Klassen: Feeder market starts 2020 on steady tone

Compared to last week, short-keep replacement cattle and feeders in the mid-weight categories were steady to $3 lower on average; feeder cattle under 600 lbs. traded $2 lower to as much as $5 higher. Featherlight calves remain strong trading at similar levels to late December.

Most auction markets resumed their regular sales schedules last week. Buying interest was solid across all weight categories, with stronger demand noted on grass cattle. Colder temperatures across the Prairies capped the upside in the market; temperatures at Lethbridge are expected to dip down to -25 to -30 C this week. South of the border, prices for grassers were sharply higher, which may have contributed to the strength in the eastern Prairies. Feeder cattle futures were up $3-$4 on the week. Much of the Midwest will experience extensive precipitation and overland flooding; therefore, the futures market appears to be incorporating a weather risk premium. Barley prices edged higher last week on limited farmer selling and logistical difficulties.

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In central Alberta, larger-frame medium- to heavier-flesh tan steers weighing 915 lbs. were quoted at $189 while 795-lb. Simmental blended steers with medium flesh were valued at $190. June live cattle futures are trading at an $8 discount to the April contract which is reflected in the price structure for heavier feeder cattle. In Manitoba, similar-quality Simmental based steers weighing 875 pounds were quoted at $179.

In east-central Saskatchewan, medium-frame mixed steers with lower butter levels weighing just over 700 lbs. were quoted at $195 and Charolais mixed heifers averaging 740 lbs. were quoted at $173. In southern Manitoba, Charolais-based heifers averaging 800 lbs. were quoted at $172. In the Lethbridge area, black mixed steers weighing 705 lbs. were valued at $200.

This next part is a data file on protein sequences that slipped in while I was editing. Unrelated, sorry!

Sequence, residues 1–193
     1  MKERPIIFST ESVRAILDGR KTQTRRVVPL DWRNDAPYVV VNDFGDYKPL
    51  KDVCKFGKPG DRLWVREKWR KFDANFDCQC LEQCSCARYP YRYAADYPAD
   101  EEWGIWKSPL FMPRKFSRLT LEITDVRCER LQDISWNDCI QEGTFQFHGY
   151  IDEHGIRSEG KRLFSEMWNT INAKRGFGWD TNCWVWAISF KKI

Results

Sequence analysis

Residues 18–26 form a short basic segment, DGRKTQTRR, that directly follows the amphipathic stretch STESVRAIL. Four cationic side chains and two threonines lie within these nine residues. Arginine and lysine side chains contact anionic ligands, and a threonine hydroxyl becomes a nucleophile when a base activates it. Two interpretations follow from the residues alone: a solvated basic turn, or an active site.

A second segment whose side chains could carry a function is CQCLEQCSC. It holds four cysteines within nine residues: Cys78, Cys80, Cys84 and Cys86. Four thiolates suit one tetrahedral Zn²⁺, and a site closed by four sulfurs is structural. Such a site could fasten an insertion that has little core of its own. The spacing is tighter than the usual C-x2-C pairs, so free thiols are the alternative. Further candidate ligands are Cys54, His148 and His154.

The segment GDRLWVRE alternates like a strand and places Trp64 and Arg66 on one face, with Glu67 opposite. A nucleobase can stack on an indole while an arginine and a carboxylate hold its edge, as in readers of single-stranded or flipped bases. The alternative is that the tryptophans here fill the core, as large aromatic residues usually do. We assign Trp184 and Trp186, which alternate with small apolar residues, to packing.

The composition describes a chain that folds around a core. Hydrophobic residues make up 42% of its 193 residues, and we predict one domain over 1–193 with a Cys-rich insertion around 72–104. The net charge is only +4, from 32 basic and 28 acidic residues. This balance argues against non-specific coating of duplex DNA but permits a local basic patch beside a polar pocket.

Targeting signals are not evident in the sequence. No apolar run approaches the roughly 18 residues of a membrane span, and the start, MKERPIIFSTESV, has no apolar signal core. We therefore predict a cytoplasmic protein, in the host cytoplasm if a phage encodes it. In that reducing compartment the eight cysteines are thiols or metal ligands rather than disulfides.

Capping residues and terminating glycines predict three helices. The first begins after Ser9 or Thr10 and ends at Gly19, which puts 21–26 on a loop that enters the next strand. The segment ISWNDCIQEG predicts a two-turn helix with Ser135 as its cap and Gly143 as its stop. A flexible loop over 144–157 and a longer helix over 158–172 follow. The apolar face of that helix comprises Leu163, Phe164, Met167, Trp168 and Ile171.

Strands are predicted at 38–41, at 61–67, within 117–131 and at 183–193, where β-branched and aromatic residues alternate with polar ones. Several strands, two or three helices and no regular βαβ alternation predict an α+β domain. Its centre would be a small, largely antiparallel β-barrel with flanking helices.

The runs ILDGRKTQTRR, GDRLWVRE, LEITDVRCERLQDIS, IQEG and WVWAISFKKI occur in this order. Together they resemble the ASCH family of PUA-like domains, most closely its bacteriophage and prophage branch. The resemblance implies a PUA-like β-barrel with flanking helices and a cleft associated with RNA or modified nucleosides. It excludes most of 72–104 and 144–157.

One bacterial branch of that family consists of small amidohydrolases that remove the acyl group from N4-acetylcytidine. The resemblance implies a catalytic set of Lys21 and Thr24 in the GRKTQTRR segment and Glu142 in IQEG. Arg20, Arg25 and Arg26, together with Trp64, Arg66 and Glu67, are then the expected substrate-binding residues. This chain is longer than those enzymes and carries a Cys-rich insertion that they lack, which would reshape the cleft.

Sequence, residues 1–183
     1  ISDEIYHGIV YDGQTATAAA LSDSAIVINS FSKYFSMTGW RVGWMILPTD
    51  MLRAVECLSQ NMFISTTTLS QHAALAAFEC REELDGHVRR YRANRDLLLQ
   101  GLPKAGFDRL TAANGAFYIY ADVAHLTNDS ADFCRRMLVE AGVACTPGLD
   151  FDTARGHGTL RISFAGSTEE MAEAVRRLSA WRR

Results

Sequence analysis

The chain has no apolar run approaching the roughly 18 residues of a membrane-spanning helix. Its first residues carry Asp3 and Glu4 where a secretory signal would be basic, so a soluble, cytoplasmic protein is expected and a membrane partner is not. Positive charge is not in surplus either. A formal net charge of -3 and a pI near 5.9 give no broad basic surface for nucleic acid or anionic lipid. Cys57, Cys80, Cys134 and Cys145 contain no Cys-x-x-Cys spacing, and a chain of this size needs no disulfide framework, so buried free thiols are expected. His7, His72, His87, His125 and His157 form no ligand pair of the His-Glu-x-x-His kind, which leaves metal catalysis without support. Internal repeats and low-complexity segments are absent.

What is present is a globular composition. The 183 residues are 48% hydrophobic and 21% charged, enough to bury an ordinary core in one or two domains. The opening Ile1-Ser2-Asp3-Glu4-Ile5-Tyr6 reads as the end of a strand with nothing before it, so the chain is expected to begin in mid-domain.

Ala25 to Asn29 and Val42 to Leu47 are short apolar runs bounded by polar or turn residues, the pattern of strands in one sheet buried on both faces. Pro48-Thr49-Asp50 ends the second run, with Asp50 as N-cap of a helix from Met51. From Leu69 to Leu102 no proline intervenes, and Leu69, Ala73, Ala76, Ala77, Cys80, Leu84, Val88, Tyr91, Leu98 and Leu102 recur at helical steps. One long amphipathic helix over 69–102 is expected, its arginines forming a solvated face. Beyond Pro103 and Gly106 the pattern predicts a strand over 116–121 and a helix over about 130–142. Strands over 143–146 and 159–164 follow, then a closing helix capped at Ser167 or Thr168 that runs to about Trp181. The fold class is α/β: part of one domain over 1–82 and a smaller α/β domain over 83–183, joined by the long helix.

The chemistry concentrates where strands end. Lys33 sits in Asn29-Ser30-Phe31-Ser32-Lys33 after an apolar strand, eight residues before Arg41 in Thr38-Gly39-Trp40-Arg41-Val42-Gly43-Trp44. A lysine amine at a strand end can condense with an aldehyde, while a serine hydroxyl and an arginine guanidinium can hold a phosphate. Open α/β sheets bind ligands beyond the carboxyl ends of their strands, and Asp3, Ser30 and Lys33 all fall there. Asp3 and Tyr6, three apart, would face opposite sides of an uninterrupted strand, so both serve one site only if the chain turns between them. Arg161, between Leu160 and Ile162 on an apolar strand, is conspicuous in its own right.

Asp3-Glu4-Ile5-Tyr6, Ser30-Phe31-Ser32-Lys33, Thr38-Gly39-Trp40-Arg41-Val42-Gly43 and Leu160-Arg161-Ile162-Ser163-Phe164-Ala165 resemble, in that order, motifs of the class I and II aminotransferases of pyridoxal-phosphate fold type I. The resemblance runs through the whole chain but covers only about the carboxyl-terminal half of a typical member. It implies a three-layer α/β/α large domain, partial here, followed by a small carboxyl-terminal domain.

In southern Manitoba, Angus-blended steers weighing 530 lbs. were quoted at $235; in central Saskatchewan, mixed steers averaging 510 reached up to $241. Black steers averaging 550 pounds were quoted at $225 in central Alberta while similar-quality heifers averaging 430 dropped the gavel at $219.

The feeder market is in a very precarious situation. The U.S. Department of Agriculture’s WASDE (world agricultural supply/demand estimates) report was considered bearish for second-quarter cattle prices due to the sizeable year-over-year increase in beef production. Alberta feedlot operators are content with their current numbers but are anxious to reload given the favourable margin structure.

— Jerry Klassen manages the Canadian office of Swiss-based grain trader GAP SA Grains and Produits Ltd. and is president and founder of Resilient Capital, specializing in proprietary commodity futures trading and market analysis. Jerry consults with feedlots on risk management and writes a weekly cattle market commentary. He can be reached at 204-504-8339 or via his website at ResilCapital.com.

About the author

Columnist

Jerry Klassen

Jerry Klassen manages the Canadian office of Swiss-based grain 
trader GAP SA Grains and Produits Ltd., and is president and founder 
of Resilient Capital specializing in proprietary commodity futures trading and market analysis. Klassen consults with feedlots on risk management and writes a weekly cattle market commentary. 
He can be reached at 204-504-8339.

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